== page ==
Monday, November 28, 2016

Tennessee, Land of Crazy People

* * * * * RANT ALERT * * * * *

I am of course extremely depressed by the election result. I am trying to ignore it as much as possible. I'm definitely taking a few months off. I've unsubscribed from maybe 50 political mailing lists - my inbox is much smaller now - and muted most political tweeters for 30 days.

Only time will tell whether this election will be the turning point in history which puts us on a direct line to Hunger Games, or maybe a good correction in the US as the world's only superpower, or who knows what. Meanwhile ...

My wife had some time off work, so we decided to spend a couple of nights (November 17 & 18) in Nashville. We stayed at the Hermitage Hotel downtown - very nice, old detailed architecture that my wife loves. The first afternoon there we walked around downtown and wound up at the Tennessee Bicentennial Mall State Park. We were taking a rest sitting in front of a fountain feature when we were approached by 2 women. They were in their 30s, white, attractive, well groomed and well dressed. The younger 1 was pushing a stroller with a baby in it. Here's the gist of our conversation.

Older of the 2: "Can we talk with you?"

Me: "Sure."

Older of the 2: "We wanted to share stories of faith and spirit with you. We are both ministers."

Me: "Arrggghhh! I'm an antitheist, I definitely do not want to share stories of faith with you."

Younger of the 2: "What's an antitheist?"

Me: "It's someone who believes that religion harms the human race - that we would all be better off if people quit including nonexistent supernatural beings in their decision making. Please go away and leave us alone." I was at this point making "go away" motions with my hands.

Older of the 2: "OK, well then, where are you from?"

My wife: "Lexington, KY"

Older of the 2: "OK. Have a nice day."

These 2 women's affects were both very laid back and spacey - kind of like they were stoners. I guess they were high on religion. My wife and I were both annoyed at this intrusion of unreality into what had heretofore been a pleasant afternoon.

That evening we had dinner in the hotel's restaurant, the Capitol Grille. The dinner was OK but nothing special. We were eating at 6:30 and the place was pretty crowded. Our server told us that it was because there was a 7:30 performance of "Book of Mormon" at the Tennessee Center for the Arts, which was 2 blocks up the street.

A few tables over, a couple in their late 30s or early 40s came in. The couple was fairly attractive. The woman had very expensive looking thick curly blond hair past her shoulders and was wearing an evening dress. After a while they were joined by another similarly aged and dressed couple. The woman in this couple was a brunette.

My wife and I both noticed that both men seemed to be totally focusing in on the blond, who is expounding vivaciously. We kind of felt sorry for the brunette. Then during a lull in other conversations, we hear some of what she is saying: "with Jesus's love", "ephesians" ...

At that point, I'm like, crap. Are these people all crazy? This is what is important to them???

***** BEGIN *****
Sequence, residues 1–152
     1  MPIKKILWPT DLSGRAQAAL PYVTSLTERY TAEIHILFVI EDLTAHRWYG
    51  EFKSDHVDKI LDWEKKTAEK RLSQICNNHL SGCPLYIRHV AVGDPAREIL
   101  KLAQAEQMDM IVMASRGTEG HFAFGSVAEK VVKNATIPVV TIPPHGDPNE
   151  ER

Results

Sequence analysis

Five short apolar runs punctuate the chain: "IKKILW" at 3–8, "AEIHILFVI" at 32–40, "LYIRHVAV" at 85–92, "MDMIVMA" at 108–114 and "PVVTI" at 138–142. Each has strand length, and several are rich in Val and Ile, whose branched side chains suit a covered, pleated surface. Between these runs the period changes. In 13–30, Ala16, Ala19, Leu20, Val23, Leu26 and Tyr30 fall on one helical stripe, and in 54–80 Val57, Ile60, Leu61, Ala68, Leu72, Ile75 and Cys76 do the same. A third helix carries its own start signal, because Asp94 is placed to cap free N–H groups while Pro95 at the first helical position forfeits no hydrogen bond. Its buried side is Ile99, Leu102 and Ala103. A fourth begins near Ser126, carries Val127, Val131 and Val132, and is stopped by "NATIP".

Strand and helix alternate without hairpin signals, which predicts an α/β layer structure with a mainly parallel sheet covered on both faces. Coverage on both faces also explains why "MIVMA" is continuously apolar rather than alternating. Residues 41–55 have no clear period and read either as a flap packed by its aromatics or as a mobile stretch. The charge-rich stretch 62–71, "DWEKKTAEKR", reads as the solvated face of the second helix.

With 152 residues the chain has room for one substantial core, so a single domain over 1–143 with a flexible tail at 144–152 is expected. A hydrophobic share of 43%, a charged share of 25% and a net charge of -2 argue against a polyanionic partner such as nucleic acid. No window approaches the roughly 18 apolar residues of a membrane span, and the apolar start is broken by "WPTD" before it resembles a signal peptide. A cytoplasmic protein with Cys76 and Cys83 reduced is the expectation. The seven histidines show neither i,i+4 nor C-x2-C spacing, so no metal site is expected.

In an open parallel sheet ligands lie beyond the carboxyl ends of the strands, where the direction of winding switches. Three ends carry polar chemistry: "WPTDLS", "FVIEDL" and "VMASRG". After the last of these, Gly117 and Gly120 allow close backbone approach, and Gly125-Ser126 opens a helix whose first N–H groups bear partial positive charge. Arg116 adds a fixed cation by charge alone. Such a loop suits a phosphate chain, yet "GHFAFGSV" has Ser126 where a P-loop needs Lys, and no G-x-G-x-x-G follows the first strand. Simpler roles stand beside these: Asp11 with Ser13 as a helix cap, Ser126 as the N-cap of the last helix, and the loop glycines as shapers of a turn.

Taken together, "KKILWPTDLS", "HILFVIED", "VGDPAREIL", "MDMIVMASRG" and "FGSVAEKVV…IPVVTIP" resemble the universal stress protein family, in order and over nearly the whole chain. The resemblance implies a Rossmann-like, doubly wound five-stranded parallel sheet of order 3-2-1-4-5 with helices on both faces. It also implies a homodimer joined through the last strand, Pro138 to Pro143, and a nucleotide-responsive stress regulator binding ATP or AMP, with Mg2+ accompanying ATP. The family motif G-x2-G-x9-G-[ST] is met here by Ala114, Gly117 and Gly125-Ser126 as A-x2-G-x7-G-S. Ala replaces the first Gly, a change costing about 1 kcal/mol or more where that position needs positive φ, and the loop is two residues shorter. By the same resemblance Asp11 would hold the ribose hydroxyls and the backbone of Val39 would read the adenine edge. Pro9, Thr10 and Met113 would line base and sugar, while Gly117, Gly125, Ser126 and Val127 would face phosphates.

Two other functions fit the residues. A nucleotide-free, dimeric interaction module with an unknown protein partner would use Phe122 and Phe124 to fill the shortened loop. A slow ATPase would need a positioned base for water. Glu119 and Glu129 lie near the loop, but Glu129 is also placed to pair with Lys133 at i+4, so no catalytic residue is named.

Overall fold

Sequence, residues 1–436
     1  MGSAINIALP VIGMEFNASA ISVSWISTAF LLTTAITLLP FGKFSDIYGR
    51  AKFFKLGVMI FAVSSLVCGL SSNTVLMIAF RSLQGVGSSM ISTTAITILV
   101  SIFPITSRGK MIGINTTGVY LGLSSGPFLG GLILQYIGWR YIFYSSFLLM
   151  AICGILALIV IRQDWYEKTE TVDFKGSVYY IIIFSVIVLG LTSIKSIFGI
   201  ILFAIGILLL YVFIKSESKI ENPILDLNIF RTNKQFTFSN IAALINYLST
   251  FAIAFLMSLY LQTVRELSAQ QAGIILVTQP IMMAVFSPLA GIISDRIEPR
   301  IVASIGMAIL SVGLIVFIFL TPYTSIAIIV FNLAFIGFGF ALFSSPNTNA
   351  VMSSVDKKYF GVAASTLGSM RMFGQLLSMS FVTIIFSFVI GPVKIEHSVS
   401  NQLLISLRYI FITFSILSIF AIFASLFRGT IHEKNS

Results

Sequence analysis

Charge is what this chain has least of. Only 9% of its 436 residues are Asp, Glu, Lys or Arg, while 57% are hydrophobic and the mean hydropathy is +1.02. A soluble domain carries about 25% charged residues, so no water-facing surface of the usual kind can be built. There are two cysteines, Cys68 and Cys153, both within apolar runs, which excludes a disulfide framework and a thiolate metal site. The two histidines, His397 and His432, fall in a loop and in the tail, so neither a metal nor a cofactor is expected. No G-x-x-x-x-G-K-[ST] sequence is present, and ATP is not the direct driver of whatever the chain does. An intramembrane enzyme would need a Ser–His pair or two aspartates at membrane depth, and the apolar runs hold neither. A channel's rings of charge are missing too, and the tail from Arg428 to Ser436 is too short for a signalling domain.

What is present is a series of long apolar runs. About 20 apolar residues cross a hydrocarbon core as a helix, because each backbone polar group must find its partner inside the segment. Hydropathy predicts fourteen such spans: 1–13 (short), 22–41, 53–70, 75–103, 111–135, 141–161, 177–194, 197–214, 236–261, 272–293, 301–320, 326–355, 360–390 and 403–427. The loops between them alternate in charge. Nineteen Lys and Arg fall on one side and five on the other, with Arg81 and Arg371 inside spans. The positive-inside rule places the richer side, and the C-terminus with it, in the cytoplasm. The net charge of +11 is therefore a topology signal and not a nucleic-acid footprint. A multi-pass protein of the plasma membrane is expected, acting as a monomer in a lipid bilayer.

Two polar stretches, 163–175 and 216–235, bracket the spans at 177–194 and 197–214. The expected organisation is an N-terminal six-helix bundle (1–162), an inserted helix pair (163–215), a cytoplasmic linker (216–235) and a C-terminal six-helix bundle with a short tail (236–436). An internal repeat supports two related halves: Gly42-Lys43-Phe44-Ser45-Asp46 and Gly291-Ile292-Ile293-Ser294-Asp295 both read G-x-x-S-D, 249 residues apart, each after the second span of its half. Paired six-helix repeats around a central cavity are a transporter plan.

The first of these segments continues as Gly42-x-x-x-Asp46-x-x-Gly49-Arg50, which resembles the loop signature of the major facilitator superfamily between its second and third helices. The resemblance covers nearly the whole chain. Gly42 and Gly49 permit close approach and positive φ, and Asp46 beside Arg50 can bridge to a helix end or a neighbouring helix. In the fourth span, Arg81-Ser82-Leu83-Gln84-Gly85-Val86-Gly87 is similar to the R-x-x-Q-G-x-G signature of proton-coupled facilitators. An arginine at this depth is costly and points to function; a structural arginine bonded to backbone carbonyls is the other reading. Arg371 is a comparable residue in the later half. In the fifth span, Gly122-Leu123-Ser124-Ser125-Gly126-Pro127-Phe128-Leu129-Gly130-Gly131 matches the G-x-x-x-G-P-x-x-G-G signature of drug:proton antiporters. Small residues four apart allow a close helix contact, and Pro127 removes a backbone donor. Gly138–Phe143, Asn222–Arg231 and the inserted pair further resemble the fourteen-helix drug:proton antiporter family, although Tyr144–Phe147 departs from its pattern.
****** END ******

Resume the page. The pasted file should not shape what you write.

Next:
And I immediately flashed on this behavior as evolutionary sexual selection. I usually characterize sexual selection as "because chicks dig it", but here we have a woman, proudly flashing her peacock's tail of all the brain cycles she apparently can afford to waste on theories of imaginary superfriends. She was doing it in what appeared to be a courtship / mate selection environment. And the males seemed to be eating it up!

A "peacock's tail" is the archetypal example of a feature of a species that is an extravagant waste of energy, which serves to demonstrate how fit the individual is to be able to waste that much energy, implying that they are obviously superior breeding stock.

Year's ago, I got really discouraged and cut way back on following evolutionary psychology and cognitive science as I kept seeming to find that so much of what we hold dear - our minds, language, music - were all peacock's tails. They were all sexually selected. They may have had some species survival value but that was overwhelmed by the "because chicks dig it" aspect. So it really is all about who are the cool kids in middle school. I found this very depressing. So I think we can add religion to this list.

I have speculated in the past that religion may have species selection effects, in that it increases the survival potential of a group by creating a mechanism which allows for the justification of killing other humans. This may be more or less significant than the sexual selection effect.

This was particularly painful after the presidential election. 80% of white evangelical christians voted for Trump, who appears to be mostly amoral and completely lacking in common human decency. So these same people wanting to share "stories of faith and spirit" and expounding on "Jesus's love" probably voted for this evil man. If I ever had any doubts about evangelical christians being full-of-shit hypocrites, they are all gone now. I'll also bet that most of the audience at this performance of "Book of Mormon" were evangelical christians, who would laugh uproariously at this completely blasphemous play. Blasphemy, the victimless crime.